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The Europe Debate: the Place of Religion

With the referendum on Britain's membership of the European Union only six weeks away, there seems to be widespread agreement that the debate thus far has generated more heat than light.  The simple Remain/Leave choice sits uncomfortably with a subject that is complex and more nuanced than mere economics.

In the discussion about Europe and the referendum, church leaders in England have done their best to be even handed in their contributions to the debate.  The assumption is that the Christian tradition has resources that can cast light on the matter and help us see some of the issues in a larger perspective.

However, a different view was taken in a piece in ‘The Tablet’ by Nicholas Boyle, emeritus Schröder Professor of German at Cambridge University, which suggested that English religion was intricately tied up with what he sees as the Europhobia rather than Euroscepticism that is driving the Leave campaign.

In short, he argued that the wish (or fantasy as he sees it) to be self-sufficient and not part of something bigger, is ‘the last redoubt of the English Reformation’.  England is unique among European nations in not having been an equal or subordinate part of some greater institution for nearly half a millennium - ever since cutting itself off from a Christendom centred upon Pope and Emperor.

Boyle deliberately speaks about England rather than Britain and in support of his argument points out that the most Europhile constituencies within the UK lie in Wales and Scotland.  Further evidence for his view is provided by the fact that whilst the Church of England is taking no formal position in the debate, the Church of Scotland and the Church of Wales have both backed Remain.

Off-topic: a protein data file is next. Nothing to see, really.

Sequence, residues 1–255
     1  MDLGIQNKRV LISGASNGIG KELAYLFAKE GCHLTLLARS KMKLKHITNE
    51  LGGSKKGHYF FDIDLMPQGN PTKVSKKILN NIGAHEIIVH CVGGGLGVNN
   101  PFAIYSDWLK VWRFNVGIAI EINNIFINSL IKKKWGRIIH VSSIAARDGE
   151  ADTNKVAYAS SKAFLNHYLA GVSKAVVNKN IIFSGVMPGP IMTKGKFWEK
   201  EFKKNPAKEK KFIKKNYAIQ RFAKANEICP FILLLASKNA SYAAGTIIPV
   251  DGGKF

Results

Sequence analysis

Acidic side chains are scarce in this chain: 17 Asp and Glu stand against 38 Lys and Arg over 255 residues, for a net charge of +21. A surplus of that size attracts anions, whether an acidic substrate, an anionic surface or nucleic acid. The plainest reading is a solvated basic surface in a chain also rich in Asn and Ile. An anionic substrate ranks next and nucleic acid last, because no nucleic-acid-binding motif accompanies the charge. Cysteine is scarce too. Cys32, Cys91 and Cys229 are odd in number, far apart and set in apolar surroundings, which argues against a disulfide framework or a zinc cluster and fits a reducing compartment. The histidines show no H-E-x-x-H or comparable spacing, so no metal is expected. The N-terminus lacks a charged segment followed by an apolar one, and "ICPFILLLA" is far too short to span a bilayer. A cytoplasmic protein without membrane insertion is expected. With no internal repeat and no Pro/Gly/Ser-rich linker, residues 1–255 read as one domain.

It is a salutary thought for members of the Church of England, that aspects of our religious tradition might be influencing our attitudes in ways of which we are unaware.

Of course England and the English temperament is a construct of different cultures and races as well as something that is evolving, but nevertheless there are characteristics which we can probably recognise.  English people value tradition, but don’t wish to be tied to it; they are happy to seek advice, but also want to be free to make up their own mind; they respect the rule of law, but prize the place of common sense.

These national traits (which are surely not unique) also find expression in Anglican spirituality where the church sees itself as being both Catholic and Reformed, valuing equally the place of Scripture, Tradition and Reason. The habit of daily reflection, of seeking God in the everyday, both stems from and encourages this broad understanding of Revelation.

The church prefers to see authority as being dispersed rather than residing in a single place - accordingly there is an understanding of a partnership between clergy and laity that resists clericalism and authoritarianism.

Such observations might suggest that English religion ‘tips’ people away from Europe, but the point of Anglicanism is that the scope it allows for particular, local expression, is held in the much larger context of a universal faith.

The roots of our faith lie not in England, nor in English history, but in the person of Jesus, a first century Jew whose life, death and resurrection transcend time and place and can create a common universal home – not even just a European one!

Raising the place of religion thus reminds us of the Christian identity of Europe and the connections that will always be there between our island and the continent.

It is good that in Marlborough there is to be an opportunity to debate the issues of the referendum with two MEPs for the South West Dr Molly Scott Cato (Green Party) and Dr Julia Reid (UKIP). It takes place on Friday, May 27 at 7.00pm in St Peter’s Church, Marlborough. Do come along.

In the meantime there is also the chance to join a smaller discussion of the same subject at one of our Pub Theology evenings, next Tuesday, May 17 at 7.30pm at The Piano Lounge, The Parade, Marlborough.

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